It goes without saying that contracts are a cornerstone in the smooth functioning of our society. They also can be the subject of great disputes too. With that in mind, we encourage you to reflect on the importance of contracting with care in your organization.
As a general matter, contracts are formed when there is an “offer” (typically, a promise to do something) by one party, and an “acceptance” (typically, a promise to accept the offer) by another party in exchange for mutual “consideration” (i.e., exchanging something of value, often money or services). Contracts can often be formed orally or in writing.
Your organization likely has a whole range of operational, financial and legal functions that involve the negotiation and creation of contracts. As your organization considers existing and new contractual relationships, we suggest asking some questions, such as:
- What do we expect to happen or obtain as a result of the contractual relationship?
- What assumptions or “rules” will govern the contractual relationship?
- What options might we want to end or terminate the contractual relationship?
- What might happen to resources developed jointly during the contractual relationship?
- Who will pay for things needed to make the contractual relationship work and when?
In addition, your organization might also ask, “Who will pay for damages or harm caused by the contractual relationship between the parties or as a result of any activities the parties perform?” If a party asks your organization to contractually protect it from such damages or harm, your organization might ask, “Is this fair and, if so, are we receiving adequate consideration to do so?” Despite the difficulty of asking (or answering) some of these questions, doing so can help your organization have more effective contractual relationships.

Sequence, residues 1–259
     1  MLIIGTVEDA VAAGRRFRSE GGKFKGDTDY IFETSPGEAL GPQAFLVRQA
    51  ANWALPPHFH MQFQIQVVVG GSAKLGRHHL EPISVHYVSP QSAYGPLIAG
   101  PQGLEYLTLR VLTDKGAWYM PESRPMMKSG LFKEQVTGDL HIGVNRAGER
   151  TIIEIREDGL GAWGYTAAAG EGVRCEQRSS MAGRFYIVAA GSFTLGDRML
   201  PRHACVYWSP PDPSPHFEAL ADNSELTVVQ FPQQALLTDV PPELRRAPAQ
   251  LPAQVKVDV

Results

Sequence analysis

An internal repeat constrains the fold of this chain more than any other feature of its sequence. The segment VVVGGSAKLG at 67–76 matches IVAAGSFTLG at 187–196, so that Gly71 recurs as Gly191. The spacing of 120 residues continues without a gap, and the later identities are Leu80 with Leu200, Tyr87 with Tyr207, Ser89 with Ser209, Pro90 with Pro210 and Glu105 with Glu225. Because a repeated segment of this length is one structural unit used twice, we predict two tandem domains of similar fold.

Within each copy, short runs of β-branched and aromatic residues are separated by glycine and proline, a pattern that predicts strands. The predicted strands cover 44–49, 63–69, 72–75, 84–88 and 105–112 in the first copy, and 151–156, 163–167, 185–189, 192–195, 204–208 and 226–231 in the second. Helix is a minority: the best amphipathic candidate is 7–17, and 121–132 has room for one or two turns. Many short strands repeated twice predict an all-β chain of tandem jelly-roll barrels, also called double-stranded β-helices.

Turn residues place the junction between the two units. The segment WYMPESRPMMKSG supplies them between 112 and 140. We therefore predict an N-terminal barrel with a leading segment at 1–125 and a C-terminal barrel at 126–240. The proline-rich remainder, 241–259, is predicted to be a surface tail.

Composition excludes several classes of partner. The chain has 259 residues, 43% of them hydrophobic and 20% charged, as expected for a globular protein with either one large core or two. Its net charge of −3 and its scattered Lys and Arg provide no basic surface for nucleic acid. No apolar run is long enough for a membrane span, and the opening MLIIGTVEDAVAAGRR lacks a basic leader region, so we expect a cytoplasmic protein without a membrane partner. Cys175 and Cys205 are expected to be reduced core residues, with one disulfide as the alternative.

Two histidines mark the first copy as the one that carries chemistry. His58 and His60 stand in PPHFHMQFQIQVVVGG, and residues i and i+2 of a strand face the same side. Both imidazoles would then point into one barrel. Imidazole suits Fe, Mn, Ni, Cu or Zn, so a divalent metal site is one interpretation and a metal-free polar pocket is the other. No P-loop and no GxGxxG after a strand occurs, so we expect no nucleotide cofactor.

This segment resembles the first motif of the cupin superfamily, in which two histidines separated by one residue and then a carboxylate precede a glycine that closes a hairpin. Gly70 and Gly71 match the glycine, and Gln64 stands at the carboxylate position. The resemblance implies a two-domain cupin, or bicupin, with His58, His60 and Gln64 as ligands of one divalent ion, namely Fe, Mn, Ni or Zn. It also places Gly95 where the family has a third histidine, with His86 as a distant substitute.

Another good rule of thumb to remember about contracting is that the best time to address expectations between contracting parties is before any actual contractual relationship has begun. Unfortunately, as we all know, it can often be very difficult to sort out problems and concerns after the fact. Therefore, it’s important to make sure your organization considers each contractual relationship very carefully.
While many oral contracts simply cannot be avoided, we encourage organizations to try to put contracts into written form. For example, although the process of drafting, reviewing and executing written contracts can be formal and tedious, written contracts can often help your organization better understand its obligations and commitments, as well as its rights, with respect to the parties involved. These parties can include clients, vendors, grantors, employees, and any number of other individuals or entities.
Finally, we suggest that you consider retaining competent legal counsel to assist you with contract negotiations, drafting, and reviews to the extent it’s possible for your organization. And even though the expenses associated with hiring capable legal counsel to help you with your contracts may be higher than you want, incurring those expenses up front often ends up being less costly for your organization in the long run.
If you have questions or need more information about contracts, please contact a Berkley Human Services Risk Control consultant.
While many oral contracts simply cannot be avoided, we encourage organizations to try to put contracts into written form.Suggestions and comments contained herein are provided for purposes of general education only. Suggestions and comments are not intended for the purpose of providing you with legal advice or legal counsel, and are not intended to assure compliance with or complete analysis of any law, rule or regulation. In addition, suggestions and comments should not be interpreted to imply or infer that all exposures, hazards or loss potentials on any subject or issue were identified or considered. No warranty, or guaranty of accuracy, fitness or suitability, express or implied, is granted with respect to any of the information contained herein.